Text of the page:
Education is taken seriously, but that does not mean there is any lack of fun, joy, and laughter.  Despite the cultural barriers facing the students as they move to another country and begin a program of study at another institution, they are excited and brought many smiles to the faces of the Esters, Bruchhaus, and Nguyen during their time together in China. 

Esters wasted no time getting to know the students and also addressed one issue during the first day of class in China.  While working with English-speaking administration and staff, each student from ASTU uses an American name.  Cindy, Sophie, and Nicholas are three American names used by the Chinese students.

“Each of the students is given an American name.  It’s difficult for them to pronounce the names at first just like it is for us their given names.  But once they get the hang of it, they think it is so much fun to have their name and learn the others.”  Esters said, “It really increases cohesiveness producing greater emotional and task-oriented connections.”   

The students are very curious about what life will be like in America while at LC.  Questions were asked about food, Internet access, and even classroom arrangements.  China is a producer of many diverse fruits and vegetables including some that are not readily available in the LC area.  The Internet will be used for their coursework and communication with family back home.  Also, there are many differences between Chinese classrooms and traditional American classrooms.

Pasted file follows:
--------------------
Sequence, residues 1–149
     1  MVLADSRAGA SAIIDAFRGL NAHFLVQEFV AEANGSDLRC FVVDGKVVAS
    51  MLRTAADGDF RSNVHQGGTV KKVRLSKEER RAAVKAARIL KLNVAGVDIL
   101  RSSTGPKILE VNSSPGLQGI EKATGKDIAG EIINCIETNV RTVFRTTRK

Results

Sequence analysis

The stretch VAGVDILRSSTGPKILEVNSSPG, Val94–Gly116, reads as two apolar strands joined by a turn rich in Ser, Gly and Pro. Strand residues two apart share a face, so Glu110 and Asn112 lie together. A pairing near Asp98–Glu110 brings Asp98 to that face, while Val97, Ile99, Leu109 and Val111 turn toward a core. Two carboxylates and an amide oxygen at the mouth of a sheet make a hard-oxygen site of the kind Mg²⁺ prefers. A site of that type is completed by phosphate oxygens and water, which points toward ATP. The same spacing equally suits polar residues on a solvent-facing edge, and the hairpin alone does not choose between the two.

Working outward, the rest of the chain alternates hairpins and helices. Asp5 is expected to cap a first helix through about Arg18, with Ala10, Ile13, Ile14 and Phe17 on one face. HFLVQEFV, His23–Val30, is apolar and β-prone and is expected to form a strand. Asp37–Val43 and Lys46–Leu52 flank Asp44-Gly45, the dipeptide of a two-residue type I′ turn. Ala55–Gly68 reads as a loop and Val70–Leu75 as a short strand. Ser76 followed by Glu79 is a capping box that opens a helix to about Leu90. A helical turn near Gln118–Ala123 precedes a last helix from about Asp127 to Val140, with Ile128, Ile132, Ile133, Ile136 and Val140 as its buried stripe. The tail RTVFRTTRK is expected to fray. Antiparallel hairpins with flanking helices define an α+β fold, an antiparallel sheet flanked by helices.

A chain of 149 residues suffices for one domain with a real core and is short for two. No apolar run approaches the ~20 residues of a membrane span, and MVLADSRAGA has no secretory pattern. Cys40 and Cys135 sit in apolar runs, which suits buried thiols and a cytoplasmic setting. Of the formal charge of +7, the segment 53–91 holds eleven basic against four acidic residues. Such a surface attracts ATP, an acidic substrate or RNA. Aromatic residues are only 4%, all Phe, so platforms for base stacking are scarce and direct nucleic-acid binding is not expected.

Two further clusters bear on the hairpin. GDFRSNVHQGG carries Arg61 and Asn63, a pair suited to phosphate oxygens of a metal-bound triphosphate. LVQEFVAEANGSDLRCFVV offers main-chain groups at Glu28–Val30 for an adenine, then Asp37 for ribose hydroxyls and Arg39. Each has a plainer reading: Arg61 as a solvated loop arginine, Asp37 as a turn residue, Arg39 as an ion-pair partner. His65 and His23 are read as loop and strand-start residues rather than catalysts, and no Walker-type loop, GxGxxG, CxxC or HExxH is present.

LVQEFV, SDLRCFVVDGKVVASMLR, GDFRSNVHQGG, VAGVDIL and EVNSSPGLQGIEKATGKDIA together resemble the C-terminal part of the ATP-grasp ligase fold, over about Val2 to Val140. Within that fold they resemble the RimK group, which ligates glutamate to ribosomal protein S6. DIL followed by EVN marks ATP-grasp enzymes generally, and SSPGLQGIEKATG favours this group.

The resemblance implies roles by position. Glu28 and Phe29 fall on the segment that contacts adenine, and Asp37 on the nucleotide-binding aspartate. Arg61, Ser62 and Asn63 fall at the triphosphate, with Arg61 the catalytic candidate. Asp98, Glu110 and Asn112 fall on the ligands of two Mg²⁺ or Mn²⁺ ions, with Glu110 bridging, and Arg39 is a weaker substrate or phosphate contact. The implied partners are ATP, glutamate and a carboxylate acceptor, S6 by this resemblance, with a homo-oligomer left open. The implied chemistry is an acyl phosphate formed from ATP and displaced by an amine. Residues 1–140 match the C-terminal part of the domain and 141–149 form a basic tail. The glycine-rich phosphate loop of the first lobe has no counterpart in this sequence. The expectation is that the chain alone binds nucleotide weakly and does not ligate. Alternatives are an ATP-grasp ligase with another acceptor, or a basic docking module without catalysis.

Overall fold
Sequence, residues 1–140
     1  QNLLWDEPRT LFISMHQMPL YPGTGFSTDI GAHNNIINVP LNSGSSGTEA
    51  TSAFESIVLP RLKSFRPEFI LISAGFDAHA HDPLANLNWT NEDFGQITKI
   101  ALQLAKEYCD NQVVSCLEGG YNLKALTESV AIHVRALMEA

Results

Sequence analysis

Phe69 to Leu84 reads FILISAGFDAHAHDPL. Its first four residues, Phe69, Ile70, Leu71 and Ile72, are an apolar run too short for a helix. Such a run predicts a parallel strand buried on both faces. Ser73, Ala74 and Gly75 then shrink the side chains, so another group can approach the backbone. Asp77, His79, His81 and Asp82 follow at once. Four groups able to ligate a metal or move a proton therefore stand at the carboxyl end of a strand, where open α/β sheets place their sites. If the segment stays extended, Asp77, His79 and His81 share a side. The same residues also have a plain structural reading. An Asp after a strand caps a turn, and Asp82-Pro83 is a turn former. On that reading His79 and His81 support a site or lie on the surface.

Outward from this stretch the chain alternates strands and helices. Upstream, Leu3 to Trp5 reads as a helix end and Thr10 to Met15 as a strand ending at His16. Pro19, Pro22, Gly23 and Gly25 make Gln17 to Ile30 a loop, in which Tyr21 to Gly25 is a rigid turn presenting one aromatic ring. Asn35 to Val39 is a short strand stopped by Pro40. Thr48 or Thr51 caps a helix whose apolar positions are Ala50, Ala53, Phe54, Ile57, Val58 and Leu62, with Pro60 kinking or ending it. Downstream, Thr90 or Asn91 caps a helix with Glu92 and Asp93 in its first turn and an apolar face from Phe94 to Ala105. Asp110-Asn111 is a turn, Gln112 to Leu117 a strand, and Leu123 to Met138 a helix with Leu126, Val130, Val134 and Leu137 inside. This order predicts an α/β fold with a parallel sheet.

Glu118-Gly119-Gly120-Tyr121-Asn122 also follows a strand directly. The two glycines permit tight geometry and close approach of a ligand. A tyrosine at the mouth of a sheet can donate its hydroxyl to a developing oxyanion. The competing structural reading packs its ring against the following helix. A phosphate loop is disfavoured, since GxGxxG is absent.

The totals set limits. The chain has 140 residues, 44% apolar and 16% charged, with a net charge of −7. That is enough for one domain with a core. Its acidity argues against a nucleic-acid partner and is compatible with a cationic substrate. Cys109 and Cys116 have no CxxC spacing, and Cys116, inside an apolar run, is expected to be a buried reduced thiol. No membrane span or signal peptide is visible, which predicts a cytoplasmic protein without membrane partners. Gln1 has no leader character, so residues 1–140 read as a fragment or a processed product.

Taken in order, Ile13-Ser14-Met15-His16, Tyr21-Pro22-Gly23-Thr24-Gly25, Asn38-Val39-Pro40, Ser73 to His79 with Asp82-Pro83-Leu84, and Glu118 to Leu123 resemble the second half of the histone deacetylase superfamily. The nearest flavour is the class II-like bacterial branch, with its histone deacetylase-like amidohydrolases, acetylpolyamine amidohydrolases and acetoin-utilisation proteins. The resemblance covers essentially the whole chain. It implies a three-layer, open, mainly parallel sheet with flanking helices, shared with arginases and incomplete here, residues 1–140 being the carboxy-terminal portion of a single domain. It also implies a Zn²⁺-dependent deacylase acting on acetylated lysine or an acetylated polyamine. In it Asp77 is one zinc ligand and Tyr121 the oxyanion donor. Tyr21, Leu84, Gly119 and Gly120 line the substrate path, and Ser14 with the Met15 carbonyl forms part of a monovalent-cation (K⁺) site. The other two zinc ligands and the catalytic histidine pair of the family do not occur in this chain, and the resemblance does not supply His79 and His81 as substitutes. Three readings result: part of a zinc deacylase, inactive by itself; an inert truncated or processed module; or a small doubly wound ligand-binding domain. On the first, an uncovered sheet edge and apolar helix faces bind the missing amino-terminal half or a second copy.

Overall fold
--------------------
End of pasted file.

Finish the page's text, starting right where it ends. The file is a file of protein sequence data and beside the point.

Another question was asked regarding rest time.  At ASTU, everyone takes a two-hour lunch break.  A short nap is taken by most everyone on campus after finishing their noon meal.  In America, we may think of a two-hour lunch break as too long or only for more privileged positions.  However, in China this is a way of life. 

There are many other cultural aspects that will be addressed as the year progresses.  Esters, Bruchhaus, and Nguyen know the time spent with the students in their homeland is extremely valuable. 

“We were able to see what their daily lives are like and to be their neighbors while on campus.  We saw firsthand what life at a Chinese university is like.  We ate meals with administrators and students.  We shopped at the campus supermarket.”  Bruchhaus continued, “By us being able to see where they are coming from we can now help them adjust to life at LC.  It is our hope that their quality of life will be rich and they can reach full learning capacity while attending our university.”    

The students travel to America on September 3, 2011.  They will be enrolled full-time as LC students and take education courses taught by Esters, Nguyen, and other professors in the Education Division at LC. 

LC eagerly awaits their arrival.

For more information, please contact the Office of College Communications at (318) 487-7194.